Sharing the same displacement and overall design of the 2.3-liter EcoBoost engine of the Ford Mustang, the specific output version found in the Ford Focus RS does have a number of significant differences that help it achieve a higher horsepower and durability level.
Designed for a transverse mounting, it features a cast aluminum block with more robust cast iron cylinder liners and an aluminum head. In this application the engine produces 350 horsepower at 6,000 rpm and 350 pound-feet of torque at 3,200 rpm and steady all the way to 4,500 rpm.
Though it all sounds quite exotic the engine looks rather mundane with the cover off, most of the external hardware and apparatus being made of black composite plastic.
Following the airflow, the intake charge starts up front behind the grille and splits into a somewhat complex air filter box that features an open element cylindrical air filter. It’s dressy with the RS badge cast into a mesh honey comb grate.
From there the air travels through a plastic tube over to the rear of the engine, also stamped with the RS logo. It then heads around to the rear of the engine to a unique Honeywell twin-scroll fixed geometry turbocharger with larger compressor than that found on the Mustang.
It’s hard to see from above but the turbocharger mounts to a head with an integrated exhaust manifold that enables better thermal efficiency. From there the intake air travels under the engine to a large air-to-air intercooler mounted behind the grille up front and down low.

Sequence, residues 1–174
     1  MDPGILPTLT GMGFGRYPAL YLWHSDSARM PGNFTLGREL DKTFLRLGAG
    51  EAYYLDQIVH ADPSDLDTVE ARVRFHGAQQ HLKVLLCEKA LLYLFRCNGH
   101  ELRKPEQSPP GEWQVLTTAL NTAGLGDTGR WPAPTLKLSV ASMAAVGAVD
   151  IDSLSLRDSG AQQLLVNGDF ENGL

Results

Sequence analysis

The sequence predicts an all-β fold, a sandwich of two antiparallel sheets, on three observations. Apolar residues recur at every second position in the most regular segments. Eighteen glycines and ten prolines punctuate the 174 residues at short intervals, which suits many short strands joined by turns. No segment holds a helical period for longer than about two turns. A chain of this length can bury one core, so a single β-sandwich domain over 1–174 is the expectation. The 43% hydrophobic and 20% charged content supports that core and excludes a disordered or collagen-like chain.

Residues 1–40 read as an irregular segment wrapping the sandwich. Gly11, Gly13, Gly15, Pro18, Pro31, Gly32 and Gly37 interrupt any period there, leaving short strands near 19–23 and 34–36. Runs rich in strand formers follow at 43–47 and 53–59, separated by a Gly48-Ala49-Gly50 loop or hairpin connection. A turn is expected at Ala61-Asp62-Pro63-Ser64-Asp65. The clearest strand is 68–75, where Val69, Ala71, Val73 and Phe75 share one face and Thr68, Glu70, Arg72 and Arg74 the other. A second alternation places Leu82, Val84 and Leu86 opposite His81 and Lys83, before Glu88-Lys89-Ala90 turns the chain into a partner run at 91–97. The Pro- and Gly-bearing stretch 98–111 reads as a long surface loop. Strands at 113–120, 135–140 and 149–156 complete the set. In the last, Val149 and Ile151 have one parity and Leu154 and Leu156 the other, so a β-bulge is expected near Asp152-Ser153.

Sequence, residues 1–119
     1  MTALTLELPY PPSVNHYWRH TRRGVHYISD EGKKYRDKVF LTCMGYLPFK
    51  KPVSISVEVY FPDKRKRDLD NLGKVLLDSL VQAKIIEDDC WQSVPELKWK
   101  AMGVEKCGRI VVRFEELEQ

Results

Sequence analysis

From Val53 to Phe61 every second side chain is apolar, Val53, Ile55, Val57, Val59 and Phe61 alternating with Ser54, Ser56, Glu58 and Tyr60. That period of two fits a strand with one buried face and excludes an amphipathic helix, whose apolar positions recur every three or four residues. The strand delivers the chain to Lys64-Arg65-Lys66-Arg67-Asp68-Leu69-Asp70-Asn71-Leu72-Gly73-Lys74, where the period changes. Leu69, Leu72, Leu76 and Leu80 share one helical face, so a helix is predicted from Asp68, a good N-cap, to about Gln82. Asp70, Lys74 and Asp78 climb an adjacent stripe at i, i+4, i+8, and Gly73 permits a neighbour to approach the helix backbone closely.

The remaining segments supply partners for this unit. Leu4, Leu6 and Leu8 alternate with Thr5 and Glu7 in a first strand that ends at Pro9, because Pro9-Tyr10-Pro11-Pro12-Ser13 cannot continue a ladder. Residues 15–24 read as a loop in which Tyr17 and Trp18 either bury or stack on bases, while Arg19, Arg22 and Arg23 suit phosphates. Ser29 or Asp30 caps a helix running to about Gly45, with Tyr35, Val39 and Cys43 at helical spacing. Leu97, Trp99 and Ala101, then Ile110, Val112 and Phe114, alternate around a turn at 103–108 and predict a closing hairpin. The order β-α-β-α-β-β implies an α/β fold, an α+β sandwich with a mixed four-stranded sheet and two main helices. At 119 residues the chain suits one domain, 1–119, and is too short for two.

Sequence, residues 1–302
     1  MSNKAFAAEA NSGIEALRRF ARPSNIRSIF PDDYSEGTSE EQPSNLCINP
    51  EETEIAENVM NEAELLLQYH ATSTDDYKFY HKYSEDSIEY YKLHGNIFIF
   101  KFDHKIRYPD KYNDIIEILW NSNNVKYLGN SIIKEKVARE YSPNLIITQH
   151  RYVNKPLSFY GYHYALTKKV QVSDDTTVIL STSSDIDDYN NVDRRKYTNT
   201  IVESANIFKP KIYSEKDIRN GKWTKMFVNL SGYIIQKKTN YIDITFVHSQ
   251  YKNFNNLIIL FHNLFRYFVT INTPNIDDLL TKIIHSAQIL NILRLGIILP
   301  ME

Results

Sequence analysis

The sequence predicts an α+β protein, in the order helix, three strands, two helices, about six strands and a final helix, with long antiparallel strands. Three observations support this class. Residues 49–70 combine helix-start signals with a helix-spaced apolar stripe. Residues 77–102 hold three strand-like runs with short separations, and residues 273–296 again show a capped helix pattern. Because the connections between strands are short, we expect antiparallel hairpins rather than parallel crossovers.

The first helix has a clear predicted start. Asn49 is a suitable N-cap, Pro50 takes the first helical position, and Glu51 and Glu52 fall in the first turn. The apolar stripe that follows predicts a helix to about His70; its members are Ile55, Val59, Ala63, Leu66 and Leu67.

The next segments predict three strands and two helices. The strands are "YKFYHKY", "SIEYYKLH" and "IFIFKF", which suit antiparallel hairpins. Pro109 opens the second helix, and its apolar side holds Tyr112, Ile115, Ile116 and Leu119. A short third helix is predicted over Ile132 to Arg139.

After cooling the air heads back up into the throttle body and up through a composite intake manifold that is again unique from that found in the Mustang with a higher and better managed flow. It heads into the cylinders which are managed by twin variable cam timing.
Ignition is fired by a now traditional coil on plug system and direct-injection. Not much of the fuel system is seen because of being direct-injection, it’s hidden down below.
The engine drives all four wheels though a very sophisticated yet simple all-wheel drive system that can transfer up to 70% of its torque to the rear axle. The rear differential itself can also vector that torque to a single wheel if necessary, and routinely sends power to the outside wheels during aggressive cornering.
Servicing the Ford Focus RS in spite of its inherent complexity is pretty straight forward. The air filter box is right up front in plain sight and is relatively easy to get into. The battery is right behind that, the main fuse block to to the right.
The brake fluid is the one item you may want to use a long stem funnel to top off as it is buried back under the ledge just a little.
The oil filler cap and dipstick are on top of the engine in plain sight even with the engine cover off. Coolant can be found on the passenger side over the wheel and the windshield washer fluid just ahead of it up front.
Other notable details are the cast composite plastic radiator support to save weight, an element actually pretty commonplace with cars now. Under the hood is also a pretty healthy sound deadening pad to keep the less desirable noises out.